Gas Engineer’s Large Collection of Ancient Rings May Fetch $130000 at UK Auction
A stunning assemblage of Greek, Roman, Byzantine, Viking, and medieval rings is going up for auction next week. They come from a remarkable ancient rings collection which was once owned by a Leicester gas engineer, who amassed his personal treasure during the 1950s and 1960s.
The rings’ seller may be in for a large windfall, especially if the rings manage to raise the estimated amount of between £80,000 and £100,000 (approximately $105 to $131k) at the auction. The event is to be held at Hansons, in Heage Lane, Etwall, Derbyshire, UK on June 28.
Altogether, the collection includes 54 rings. One of the most interesting of which is a 4th-1st Century BC East Greek Hellenistic gold ring adorned with cabochon garnets. Alone, that ring has an estimated sale price of £3,500-£4,500 ($4,608-$5925).
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James Brenchley, of the auction house which will hold the sale, provided some more insight on the timeline of that particular ring, saying:
“This stunning piece of ancient craftsmanship portrays the beauty and elegance the Hellenistic period gave to the ancient world. This period is often referred to as the birthplace of western civilisation. It laid the platform for architecture, art and religious customs. This ring was crafted in the time after the death of Alexander the Great in the context of events such as the wars of the Diadochi, which ended in 275 BC, witnessing the fall of Argead and Antipatrid dynasties; the Cretan war between the Macedonians and alliance led by Rhodes in 221-179 BC and the Ptolemaic period in Egypt where Macedonian Greeks ruled Egypt.”
The East Greek Hellenistic gold ring. ( Hansons/www.pictoriapictures.com)
The rings are being auctioned by the grandson of the gas engineer, who died at the age of 93 in 2003. The grandson did not want himself or his grandfather named, but told the Leicester Mercury about how the collection was formed and why he is selling it:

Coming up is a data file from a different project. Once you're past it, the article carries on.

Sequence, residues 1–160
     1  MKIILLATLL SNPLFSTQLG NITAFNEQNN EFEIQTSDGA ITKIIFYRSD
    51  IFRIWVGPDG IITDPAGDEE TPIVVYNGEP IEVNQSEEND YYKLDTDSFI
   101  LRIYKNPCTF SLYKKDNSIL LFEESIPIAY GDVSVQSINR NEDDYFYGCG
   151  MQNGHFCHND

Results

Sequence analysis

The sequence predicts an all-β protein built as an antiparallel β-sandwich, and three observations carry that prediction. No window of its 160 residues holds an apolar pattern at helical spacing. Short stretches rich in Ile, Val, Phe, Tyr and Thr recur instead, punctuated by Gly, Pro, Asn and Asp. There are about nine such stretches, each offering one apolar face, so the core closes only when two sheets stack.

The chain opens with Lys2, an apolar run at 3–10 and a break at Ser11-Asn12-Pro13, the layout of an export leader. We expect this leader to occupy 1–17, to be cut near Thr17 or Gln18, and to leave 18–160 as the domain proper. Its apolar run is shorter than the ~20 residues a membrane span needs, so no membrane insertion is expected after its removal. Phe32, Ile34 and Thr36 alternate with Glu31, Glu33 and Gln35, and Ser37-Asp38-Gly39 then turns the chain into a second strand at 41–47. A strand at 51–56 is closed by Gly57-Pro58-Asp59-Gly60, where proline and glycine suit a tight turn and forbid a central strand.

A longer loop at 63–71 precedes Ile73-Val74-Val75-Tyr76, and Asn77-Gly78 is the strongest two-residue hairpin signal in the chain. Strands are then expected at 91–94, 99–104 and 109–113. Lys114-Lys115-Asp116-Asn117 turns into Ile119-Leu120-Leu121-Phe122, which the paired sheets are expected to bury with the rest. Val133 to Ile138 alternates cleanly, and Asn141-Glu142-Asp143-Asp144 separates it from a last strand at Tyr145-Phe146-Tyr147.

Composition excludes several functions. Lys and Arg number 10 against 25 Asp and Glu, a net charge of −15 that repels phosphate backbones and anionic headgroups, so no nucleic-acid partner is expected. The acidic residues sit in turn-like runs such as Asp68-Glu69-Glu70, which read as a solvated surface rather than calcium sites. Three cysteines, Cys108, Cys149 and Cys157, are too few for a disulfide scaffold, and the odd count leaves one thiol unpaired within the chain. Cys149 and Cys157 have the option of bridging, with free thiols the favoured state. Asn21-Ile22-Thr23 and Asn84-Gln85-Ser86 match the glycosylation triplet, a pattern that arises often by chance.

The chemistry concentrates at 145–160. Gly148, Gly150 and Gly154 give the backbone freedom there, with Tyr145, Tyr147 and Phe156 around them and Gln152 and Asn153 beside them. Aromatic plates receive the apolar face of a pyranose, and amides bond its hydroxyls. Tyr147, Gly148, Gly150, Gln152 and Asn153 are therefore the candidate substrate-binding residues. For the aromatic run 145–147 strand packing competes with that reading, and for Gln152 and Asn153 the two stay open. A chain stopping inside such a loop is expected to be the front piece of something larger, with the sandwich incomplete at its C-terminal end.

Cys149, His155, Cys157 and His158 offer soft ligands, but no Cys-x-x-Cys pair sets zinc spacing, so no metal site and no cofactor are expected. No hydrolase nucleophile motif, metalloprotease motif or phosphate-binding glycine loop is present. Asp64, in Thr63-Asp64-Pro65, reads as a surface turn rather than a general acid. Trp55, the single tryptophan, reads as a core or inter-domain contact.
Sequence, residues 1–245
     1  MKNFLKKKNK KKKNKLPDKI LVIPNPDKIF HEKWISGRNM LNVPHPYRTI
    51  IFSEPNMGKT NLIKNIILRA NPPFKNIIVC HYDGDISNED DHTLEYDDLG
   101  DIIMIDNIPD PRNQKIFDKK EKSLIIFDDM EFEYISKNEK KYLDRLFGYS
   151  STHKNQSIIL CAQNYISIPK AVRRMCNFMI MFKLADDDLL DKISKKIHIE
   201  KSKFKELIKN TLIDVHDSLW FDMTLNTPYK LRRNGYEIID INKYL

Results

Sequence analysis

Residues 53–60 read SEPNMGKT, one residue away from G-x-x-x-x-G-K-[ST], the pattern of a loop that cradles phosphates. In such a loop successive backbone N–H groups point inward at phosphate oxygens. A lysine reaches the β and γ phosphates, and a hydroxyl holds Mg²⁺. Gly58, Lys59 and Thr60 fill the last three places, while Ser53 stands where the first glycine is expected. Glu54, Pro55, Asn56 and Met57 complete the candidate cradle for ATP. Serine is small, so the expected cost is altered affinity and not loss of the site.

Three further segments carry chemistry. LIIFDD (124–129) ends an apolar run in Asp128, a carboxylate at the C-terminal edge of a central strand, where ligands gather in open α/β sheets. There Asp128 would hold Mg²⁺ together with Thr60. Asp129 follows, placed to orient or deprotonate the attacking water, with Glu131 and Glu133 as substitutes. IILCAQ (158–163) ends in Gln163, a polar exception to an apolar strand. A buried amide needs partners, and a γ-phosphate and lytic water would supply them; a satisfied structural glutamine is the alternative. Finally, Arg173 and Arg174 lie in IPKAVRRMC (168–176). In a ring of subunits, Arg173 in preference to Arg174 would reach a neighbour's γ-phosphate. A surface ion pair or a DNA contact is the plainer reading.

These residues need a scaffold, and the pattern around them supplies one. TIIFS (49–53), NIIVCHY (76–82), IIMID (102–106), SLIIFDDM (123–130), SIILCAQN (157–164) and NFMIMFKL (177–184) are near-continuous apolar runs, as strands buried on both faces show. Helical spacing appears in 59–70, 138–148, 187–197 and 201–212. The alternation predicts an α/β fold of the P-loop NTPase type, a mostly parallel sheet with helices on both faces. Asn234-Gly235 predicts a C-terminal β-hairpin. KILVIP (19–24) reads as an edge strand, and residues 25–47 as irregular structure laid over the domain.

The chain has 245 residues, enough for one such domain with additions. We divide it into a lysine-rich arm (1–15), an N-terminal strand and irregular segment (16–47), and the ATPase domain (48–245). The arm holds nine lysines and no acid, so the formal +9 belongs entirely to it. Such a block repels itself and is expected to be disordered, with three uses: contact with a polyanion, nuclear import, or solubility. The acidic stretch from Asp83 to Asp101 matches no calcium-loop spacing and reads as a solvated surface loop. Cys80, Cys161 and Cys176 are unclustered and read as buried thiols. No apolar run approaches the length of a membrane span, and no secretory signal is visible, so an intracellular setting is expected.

“My grandfather was an engineer working for the Gas Board when they were first putting gas into houses. He worked all over the country. He was a quiet man and never said if any of the rings were found on site when they were working but I do know he bought many of them at auctions, some up north. After he died, we put the rings away for many years but now we’ve decided to sell them as we’d very much like other people to enjoy them. They are fascinating.”
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Some of the Greek, Roman, Byzantine, Viking, and medieval rings up for auction. ( Hansons/www.pictoriapictures.com)
Brenchley told the story of how the owner approached Hansons and the reaction he received upon showing the remarkable ring collection:
“The owner just popped down to one of our free valuation days at our saleroom and we couldn’t believe our eyes. The sheer quantity was incredible. These rings are between 2,200 and 1,800 years old and many are exceptional and extremely rare. Each one is unique and many demonstrate extraordinary craftsmanship. The Roman and Greek rings are particularly spectacular.”
Rings are often very personal and prized possessions, which makes me wonder about the sentimental value they may have held for their original owners so long ago. Perhaps some are examples of ancient Roman engagement or wedding rings ; which served both legal and loving purposes. Or maybe the collection includes some of the open-ended rings which Vikings proudly wore and traded in place of other forms of currency. There may even be rings that once adorned the fingers of powerful Greek warriors . The stories of these many rings are surely priceless.
Roman Key wedding ring. This ring was made of iron and worn by the wife. (Rama/ CC BY SA 2.0 fr )
Top Image: Three of the rings up for auction. Source: Hansons/www.pictoriapictures.com
if it were mine and one caught my eye i would keep it and give the rest to charity … rings are meant to be worn...i have tried but jewelry just doesn’t feel good on myself and i hate to burdon others so i just hang it around the house so i can see the beauty
There's a lot of history on this collection of rings, being between 2,200 and 1,800 years old. It will be interesting to see what they will go for at auction.